KUALA LUMPUR, Malaysia – Somali forces raided one of the many ships hijacked off the country's coast Sunday as a deadline loomed in a standoff aboard another, arms-laden vessel, officials said.
Troops in northern Somalia's semiautonomous Puntland region unsuccessfully tried to take back a ship that was hijacked by pirates on Thursday, said Ali Abdi Aware, Puntland's foreign minister. He said two pirates were killed.
The vessel, which was carrying cement, is believed to have Syrian and Somali crew on board.
"Our forces are chasing the ship and we hope to rescue it," Aware said in a telephone interview from Puntland, a hotbed of piracy.
Meanwhile, pirates on the Ukrainian MV Faina, which is carrying 33 tanks and other heavy weapons, continued to demand ransom money before releasing the ship and its 20 crew.
The pirates have threatened to destroy the vessel Monday night or early Tuesday unless the shipowners pay a ransom of up to $20 million. They have held the ship for more than two weeks.
Sugule Ali, a spokesman for the pirates, said by satellite telephone that negotiations with the shipping company were continuing. Regarding the ransom, he said: "It is before Tuesday or never."
Pirates have seized more than two dozen ships this year off the Horn of Africa, but the Faina has drawn the most international attention because of its dangerous cargo. Many fear the weapons on board could end up in the hands of Islamic militants in Somalia.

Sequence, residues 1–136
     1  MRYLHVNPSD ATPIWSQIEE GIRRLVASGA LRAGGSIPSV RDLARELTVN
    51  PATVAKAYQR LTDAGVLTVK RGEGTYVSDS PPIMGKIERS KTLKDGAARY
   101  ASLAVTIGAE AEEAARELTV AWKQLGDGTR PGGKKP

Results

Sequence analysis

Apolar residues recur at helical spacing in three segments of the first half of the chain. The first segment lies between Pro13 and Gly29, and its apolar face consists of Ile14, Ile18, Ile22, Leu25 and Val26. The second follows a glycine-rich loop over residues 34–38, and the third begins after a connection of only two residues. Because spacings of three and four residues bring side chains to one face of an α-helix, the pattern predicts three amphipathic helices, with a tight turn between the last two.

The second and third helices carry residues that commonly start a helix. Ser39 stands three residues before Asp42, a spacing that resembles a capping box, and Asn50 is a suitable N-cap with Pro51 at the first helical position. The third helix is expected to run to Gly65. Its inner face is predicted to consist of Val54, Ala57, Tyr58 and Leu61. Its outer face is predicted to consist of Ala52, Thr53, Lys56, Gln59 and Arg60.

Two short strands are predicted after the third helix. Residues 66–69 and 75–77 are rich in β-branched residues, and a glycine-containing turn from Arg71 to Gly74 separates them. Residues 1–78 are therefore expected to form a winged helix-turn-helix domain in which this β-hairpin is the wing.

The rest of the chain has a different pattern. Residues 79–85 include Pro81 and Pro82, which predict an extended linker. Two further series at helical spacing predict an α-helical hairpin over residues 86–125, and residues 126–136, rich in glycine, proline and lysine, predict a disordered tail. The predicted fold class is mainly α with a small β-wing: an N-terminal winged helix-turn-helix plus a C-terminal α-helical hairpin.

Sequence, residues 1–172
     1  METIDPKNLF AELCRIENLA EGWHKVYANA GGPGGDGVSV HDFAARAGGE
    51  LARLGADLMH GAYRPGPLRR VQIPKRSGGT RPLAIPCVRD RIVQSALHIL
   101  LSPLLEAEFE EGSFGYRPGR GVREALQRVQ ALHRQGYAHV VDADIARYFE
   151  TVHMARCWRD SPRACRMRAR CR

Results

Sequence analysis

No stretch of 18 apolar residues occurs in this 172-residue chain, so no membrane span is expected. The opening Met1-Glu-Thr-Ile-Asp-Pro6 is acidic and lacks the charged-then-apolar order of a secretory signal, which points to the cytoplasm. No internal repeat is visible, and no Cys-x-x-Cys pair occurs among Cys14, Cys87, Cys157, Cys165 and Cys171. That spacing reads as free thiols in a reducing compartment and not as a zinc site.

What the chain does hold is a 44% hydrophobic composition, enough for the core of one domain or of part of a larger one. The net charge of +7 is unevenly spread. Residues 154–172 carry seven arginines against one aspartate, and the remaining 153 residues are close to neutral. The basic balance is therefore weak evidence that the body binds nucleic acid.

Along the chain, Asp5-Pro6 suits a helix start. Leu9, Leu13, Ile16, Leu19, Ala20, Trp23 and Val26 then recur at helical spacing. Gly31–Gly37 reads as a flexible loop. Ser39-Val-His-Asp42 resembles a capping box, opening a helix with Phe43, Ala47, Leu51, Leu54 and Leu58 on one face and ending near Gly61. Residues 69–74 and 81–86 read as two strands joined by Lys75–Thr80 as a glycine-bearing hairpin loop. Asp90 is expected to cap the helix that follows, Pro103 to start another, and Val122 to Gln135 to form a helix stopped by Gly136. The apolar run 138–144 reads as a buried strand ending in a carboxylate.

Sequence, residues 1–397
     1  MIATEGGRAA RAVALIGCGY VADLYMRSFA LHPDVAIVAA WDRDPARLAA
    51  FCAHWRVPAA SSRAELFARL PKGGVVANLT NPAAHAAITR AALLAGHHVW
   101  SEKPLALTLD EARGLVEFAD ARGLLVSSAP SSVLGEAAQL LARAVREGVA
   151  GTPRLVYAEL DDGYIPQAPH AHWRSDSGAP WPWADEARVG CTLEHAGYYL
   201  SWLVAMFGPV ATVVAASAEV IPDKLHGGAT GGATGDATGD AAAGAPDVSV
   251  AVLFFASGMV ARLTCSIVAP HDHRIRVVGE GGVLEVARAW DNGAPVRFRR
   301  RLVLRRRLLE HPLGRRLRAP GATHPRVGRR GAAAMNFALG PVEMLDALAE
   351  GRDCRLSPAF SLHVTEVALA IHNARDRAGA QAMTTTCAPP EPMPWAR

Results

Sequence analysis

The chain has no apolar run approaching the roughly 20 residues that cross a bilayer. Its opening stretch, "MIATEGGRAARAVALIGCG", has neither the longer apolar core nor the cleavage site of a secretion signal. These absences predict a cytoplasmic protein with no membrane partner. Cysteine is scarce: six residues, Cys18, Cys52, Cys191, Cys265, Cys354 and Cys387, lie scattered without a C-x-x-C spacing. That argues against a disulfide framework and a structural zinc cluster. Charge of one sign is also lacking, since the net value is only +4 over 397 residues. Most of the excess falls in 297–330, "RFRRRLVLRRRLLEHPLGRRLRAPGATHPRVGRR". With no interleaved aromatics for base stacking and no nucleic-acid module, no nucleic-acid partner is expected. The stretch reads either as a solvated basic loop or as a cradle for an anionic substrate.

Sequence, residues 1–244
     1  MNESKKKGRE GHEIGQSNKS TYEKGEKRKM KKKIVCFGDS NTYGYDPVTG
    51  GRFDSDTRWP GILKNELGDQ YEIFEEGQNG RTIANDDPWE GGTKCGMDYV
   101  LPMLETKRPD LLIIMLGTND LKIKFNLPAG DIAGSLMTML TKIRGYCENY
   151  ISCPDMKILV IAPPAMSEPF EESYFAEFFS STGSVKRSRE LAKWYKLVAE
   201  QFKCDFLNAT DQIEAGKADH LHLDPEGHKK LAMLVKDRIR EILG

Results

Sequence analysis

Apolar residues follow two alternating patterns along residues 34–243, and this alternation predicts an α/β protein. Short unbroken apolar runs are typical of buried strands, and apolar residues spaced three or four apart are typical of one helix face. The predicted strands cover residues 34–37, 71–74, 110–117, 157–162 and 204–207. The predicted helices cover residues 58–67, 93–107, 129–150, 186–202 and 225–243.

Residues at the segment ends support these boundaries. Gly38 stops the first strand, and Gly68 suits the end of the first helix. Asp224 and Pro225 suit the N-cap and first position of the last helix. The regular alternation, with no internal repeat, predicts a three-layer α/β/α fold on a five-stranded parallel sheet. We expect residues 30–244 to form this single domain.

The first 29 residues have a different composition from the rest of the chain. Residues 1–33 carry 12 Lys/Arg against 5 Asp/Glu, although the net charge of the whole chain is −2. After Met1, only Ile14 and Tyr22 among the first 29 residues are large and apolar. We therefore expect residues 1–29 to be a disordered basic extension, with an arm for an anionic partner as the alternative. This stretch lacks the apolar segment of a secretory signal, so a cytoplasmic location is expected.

The ship's operator, Tomex Corp. in Odessa, has not commented on negotiations.
The threat by the pirates on the Faina was unusual. Pirates operating off Somalia rarely harm their hostages, instead holding out for a ransom that often exceeds $1 million.
But international pressure on the pirates is growing. NATO said Thursday it would send seven ships to the treacherous waters where pirates are negotiating the release of the Faina. U.S. warships are surrounding the ship, and a Russian vessel is on the way as well.
There are 20 Ukrainian, Latvian and Russian crew members on board.
The ship's Russian captain died of a heart condition soon after the hijacking nearly two weeks ago, officials in Moscow say.
Lt. Stephanie Murdock, a spokeswoman for the 5th Fleet, which is based in Bahrain and helps monitor Somalia's coast, said there were no significant developments Sunday.
A nation of around 8 million people, Somalia has not had a functioning government since 1991. A quarter of Somali children die before age 5 and nearly every public institution has collapsed. In the capital, Mogadishu, thousands of civilians have died over the past 18 months in a ferocious, Iraq-style insurgency.